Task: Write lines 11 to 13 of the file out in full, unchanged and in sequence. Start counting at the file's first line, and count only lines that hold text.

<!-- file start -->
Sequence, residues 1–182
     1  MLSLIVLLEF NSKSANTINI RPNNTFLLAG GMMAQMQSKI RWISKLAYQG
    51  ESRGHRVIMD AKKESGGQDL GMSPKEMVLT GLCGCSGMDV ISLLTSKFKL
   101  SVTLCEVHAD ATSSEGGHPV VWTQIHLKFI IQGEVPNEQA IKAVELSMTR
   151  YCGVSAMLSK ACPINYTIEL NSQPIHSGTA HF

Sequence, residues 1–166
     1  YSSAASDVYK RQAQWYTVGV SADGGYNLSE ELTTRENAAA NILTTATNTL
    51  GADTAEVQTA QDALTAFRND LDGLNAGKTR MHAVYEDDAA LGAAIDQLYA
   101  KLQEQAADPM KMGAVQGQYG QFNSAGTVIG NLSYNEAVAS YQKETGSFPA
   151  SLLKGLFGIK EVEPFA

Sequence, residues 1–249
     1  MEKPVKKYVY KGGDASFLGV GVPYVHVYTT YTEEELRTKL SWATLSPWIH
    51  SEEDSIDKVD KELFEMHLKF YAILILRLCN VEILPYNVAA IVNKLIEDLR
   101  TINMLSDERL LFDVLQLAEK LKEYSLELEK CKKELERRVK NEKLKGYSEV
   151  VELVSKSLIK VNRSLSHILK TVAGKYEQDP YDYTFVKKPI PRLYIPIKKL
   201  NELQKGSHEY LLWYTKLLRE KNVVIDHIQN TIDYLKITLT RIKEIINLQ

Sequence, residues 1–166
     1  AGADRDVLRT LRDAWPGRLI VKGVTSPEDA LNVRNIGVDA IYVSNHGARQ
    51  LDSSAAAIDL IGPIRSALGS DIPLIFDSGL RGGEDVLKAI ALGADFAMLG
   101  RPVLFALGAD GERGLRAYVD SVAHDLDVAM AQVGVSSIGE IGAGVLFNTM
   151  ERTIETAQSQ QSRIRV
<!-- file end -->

Sequence, residues 1–249
     1  MEKPVKKYVY KGGDASFLGV GVPYVHVYTT YTEEELRTKL SWATLSPWIH
    51  SEEDSIDKVD KELFEMHLKF YAILILRLCN VEILPYNVAA IVNKLIEDLR